Ikea says the Western world has hit “peak stuff,” or “peak curtains” as some are calling it. The term, in either case, is meant to be analogous to peak oil, but does not refer to the world’s limits in creating the raw materials for furniture and housewares. Rather, Ikea’s chief sustainability officer was talking about saturating demand for home furnishings, so that consumers are not interested in buying more new home furnishings in 2016 than they did in 2015. Most home furnishings last for decades, and people will use what they have or buy used furnishings in many cases, so that the demand for newly made items will begin to decline. To stay relevant, Ikea plans to find ways to repair and recycle some of the items it sells, areas of work it had never taken an interest in before. A skeptical summary by Sean Farrell at Guardian Business:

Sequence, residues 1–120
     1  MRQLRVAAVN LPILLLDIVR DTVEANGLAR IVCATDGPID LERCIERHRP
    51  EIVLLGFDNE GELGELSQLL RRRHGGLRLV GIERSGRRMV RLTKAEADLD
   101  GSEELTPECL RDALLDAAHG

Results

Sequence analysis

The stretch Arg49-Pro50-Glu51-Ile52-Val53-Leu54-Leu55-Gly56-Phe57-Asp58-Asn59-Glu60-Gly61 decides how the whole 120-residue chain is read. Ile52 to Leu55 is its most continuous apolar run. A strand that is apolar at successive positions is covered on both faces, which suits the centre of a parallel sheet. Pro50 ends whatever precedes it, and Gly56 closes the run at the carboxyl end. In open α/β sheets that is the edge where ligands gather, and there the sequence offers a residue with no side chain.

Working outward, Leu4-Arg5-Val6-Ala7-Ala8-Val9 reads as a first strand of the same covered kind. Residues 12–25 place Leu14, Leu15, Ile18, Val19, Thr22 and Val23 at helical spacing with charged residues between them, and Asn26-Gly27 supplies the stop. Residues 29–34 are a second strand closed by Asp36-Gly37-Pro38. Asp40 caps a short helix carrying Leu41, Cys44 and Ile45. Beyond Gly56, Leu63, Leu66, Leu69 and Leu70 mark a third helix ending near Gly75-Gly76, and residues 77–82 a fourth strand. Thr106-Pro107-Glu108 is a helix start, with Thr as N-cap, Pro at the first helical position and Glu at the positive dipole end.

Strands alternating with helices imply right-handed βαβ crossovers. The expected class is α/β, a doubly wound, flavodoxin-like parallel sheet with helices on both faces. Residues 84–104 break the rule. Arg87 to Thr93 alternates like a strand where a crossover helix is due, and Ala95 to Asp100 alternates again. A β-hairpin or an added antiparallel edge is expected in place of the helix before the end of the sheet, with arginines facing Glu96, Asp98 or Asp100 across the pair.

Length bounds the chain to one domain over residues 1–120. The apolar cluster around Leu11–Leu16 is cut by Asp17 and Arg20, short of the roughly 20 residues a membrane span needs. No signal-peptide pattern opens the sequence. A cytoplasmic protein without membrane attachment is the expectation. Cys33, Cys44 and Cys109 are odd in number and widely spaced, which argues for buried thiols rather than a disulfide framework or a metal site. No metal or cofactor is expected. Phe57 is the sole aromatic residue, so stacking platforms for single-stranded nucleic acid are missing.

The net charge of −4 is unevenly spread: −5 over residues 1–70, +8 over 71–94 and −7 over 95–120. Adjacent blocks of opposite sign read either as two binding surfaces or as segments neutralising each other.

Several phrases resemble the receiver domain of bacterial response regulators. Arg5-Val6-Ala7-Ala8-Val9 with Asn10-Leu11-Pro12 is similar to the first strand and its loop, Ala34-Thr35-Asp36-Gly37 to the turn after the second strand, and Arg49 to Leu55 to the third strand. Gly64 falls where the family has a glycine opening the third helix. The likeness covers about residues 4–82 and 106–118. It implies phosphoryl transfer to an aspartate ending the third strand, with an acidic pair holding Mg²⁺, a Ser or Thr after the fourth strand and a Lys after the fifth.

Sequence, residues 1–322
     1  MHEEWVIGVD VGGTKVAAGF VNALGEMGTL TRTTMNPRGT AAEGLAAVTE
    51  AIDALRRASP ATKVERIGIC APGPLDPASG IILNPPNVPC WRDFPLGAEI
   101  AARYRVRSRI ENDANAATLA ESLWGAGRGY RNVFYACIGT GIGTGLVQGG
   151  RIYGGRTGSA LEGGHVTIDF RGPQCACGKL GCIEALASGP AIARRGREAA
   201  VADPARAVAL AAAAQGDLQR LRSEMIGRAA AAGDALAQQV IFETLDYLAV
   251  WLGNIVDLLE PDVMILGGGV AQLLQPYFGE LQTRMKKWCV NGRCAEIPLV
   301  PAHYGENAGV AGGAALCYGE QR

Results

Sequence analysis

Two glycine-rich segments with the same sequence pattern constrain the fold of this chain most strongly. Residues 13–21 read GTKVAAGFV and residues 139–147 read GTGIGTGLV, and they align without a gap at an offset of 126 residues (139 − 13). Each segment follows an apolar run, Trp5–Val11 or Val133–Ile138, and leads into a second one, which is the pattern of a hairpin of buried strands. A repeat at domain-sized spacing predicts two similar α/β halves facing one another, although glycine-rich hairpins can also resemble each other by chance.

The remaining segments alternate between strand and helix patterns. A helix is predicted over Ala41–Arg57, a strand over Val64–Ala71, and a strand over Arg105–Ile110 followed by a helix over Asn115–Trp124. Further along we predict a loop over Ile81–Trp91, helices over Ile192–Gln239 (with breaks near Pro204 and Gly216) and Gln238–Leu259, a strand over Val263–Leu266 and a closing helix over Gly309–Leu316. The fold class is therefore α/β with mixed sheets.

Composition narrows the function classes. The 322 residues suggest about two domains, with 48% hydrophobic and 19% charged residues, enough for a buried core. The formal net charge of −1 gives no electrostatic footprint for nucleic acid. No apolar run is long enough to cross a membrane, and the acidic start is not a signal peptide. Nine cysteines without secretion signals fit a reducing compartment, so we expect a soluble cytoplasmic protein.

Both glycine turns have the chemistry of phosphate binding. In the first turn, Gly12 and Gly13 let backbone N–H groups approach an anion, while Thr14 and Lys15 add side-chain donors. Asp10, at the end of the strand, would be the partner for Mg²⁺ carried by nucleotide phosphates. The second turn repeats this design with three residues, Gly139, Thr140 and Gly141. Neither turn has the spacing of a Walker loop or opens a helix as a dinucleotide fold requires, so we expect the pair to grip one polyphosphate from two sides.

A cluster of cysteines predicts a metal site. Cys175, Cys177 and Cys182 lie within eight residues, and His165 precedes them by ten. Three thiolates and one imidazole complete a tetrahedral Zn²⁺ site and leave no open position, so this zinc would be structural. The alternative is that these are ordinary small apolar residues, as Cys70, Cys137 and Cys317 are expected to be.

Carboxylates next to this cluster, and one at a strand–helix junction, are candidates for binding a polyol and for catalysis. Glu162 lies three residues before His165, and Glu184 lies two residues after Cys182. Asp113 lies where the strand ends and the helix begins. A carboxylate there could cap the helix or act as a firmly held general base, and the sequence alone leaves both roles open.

Ikea won’t talk about this angle, but many Western homes simply don’t have any spare space to put more stuff, and the previous reaction of buying ever-larger houses seems to have run its course seven years ago. With limited space, consumers can buy new stuff only if it is so improved that they can justify throwing away something old, and this cycle of product improvement also has its limits. It is certainly a difficult challenge for the factory sector: how do you sell consumers more stuff when the stuff they have already is good enough and there is no room for more? It is not as if people will stop buying stuff, but they may slow down, and that is what both Ikea and the global manufacturing sector seem to be seeing now.